Panini reads - I’d forgotten how much superior their Marvel trades were!
Defenders: Diamonds Are Forever
This deserves its rep. Bendis expertly flicks the story from character to character without short-changing anyone and, when the cast comprises Daredevil, Iron Fist, Luke Cage and Jessica Jones, that’s no mean feat. And it’s all depicted with some lovely artwork from Marquez.
I found only one major weakness with it. Diamondback is a weak villain. He is somehow back from the dead. Somehow knows everything about all of them. Oh and he has powers too. And can out-fight everyone because he has super martial arts ability. Did I mention he also can survive crossing paths with the Punisher as he has super plot armour? Now, sure, the next volume ought to strip all of these advantages away, but right now? It comes across as overkill and unimaginative overkill at that. Still, Marquez makes it all look great.
I certainly want to see how it turns out and the next trade is due next month.
Black Widow: Volumes 1-2
The first issue of this 12-part epic is a tour de force of minimal text and maximal art, as we see Widow fight her out of a SHIED Helicarrier, be pursued in an aerial chase that spans 40,000 feet, continues at ground level and culminates in a brawl that she wins. Cue Bond-style credits.
Seriously, this is the starter that Waid-Samnee go with. It’s ballsy, ambitious and glorious.
The other smart things it does is misdirect the reader. What secret that isn’t known could cause Natasha such damage? Surely the secret will remain hidden? The answers to both questions are surprising, but also logically consistent to what the reader already knows of the character.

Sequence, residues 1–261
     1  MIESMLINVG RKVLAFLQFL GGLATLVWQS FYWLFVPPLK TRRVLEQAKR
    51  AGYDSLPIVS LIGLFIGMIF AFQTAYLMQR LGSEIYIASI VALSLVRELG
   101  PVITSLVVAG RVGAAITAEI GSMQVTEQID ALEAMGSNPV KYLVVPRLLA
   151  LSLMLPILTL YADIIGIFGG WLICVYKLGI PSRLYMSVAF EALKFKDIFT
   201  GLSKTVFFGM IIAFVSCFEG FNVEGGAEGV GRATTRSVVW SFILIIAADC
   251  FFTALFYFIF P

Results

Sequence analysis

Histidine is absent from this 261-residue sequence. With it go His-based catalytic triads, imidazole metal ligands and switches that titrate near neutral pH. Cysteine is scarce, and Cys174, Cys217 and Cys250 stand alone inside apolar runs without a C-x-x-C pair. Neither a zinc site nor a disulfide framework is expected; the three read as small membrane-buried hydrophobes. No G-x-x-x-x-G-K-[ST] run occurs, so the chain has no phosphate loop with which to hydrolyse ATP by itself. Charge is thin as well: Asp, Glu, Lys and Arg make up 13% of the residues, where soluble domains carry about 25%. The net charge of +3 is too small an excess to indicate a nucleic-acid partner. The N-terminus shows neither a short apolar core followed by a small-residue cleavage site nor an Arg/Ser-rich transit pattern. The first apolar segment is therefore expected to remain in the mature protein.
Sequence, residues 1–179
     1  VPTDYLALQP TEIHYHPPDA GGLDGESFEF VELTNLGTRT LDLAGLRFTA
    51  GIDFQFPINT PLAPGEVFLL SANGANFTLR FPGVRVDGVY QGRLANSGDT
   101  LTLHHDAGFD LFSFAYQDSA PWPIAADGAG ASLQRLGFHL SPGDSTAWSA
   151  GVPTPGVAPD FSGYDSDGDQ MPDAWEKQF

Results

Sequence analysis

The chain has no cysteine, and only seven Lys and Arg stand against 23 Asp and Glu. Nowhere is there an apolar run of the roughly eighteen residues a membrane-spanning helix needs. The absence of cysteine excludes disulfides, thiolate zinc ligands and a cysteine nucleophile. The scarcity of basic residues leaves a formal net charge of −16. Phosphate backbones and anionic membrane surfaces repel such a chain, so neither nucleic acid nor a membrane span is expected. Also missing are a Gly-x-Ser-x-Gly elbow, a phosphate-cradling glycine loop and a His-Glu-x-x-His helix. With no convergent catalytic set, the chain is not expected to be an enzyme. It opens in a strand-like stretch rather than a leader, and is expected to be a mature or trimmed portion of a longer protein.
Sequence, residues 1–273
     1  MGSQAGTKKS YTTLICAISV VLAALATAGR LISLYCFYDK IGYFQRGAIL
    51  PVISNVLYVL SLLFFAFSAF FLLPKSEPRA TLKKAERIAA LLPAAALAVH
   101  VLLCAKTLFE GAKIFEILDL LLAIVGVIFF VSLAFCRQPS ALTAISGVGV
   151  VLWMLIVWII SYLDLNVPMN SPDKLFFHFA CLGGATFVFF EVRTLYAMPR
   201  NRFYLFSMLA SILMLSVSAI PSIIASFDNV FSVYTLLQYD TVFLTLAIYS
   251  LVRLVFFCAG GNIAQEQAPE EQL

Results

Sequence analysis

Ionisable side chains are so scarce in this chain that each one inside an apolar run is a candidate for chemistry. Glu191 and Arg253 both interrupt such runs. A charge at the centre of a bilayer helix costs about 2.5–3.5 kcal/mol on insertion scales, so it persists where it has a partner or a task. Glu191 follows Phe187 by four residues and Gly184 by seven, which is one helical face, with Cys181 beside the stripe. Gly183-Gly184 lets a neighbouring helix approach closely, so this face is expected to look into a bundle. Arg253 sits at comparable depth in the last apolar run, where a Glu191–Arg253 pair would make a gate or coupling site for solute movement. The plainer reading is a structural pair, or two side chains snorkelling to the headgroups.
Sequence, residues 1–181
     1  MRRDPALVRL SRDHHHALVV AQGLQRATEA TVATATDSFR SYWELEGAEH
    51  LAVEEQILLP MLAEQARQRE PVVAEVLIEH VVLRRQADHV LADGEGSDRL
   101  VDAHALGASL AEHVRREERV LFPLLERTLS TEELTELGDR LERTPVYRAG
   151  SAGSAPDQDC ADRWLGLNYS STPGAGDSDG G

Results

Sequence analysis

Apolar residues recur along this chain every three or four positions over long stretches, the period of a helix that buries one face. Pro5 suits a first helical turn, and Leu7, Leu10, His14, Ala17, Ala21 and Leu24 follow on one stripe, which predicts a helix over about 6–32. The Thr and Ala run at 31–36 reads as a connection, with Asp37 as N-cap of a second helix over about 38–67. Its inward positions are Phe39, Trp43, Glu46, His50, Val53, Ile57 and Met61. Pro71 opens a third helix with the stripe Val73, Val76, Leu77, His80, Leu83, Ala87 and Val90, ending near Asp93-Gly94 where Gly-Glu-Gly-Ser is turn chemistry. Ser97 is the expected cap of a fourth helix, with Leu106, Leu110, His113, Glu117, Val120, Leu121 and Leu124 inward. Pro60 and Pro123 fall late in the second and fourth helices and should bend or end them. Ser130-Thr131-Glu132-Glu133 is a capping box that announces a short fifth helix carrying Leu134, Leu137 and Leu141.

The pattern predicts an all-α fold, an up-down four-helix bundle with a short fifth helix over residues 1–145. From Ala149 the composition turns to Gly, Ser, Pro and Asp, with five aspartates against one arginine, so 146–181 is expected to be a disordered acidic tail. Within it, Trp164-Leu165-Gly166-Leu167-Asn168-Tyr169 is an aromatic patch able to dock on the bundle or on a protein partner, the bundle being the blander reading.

Like Defenders, it does a weakness in the finale where it pulls the villain appears dead and then turns up alive and well but a few panels later. Nor do I buy that Recluce is Natasha’s equal. I did like the potential idea that her mindwipe of her romance with Bucky might be undone.
While Waid’s script is very good, it’s Samnee’s wonderful story-telling that makes this run shine and sparkle. It’s also quite clear why they only did 12 issues too - they didn’t have anything left to say!
Any opinions on the Hellboy Omnibus trades?
I really want to get one but I hear bad things about Hellboy trades in general.
Also I’ve seen them in person and they all look rather messily creased.
Just read Gwenpool v4, which perhaps isn’t the best place to start the series, but it’s the only one my local library had.
Anyway, there’s some really clever 4th wall breaking stuff in here. It’s like if Animal Man starred Deadpool. I’m keen to check out the rest of the series, but sort of holding out hope it might get an OHC of some sort eventually (maybe now Gwen’s in the new WCA?).
The writers original web series Dr McNinja is a ton of fun and worth checking out as well. The whole series is available on the website. It starts out a bit rough but is always weird and fun.
Oh, I always forget Hastings did Dr McNinja. I’ve read bits of that, but it’s never grabbed me.
All-New Guardians Of The Galaxy v2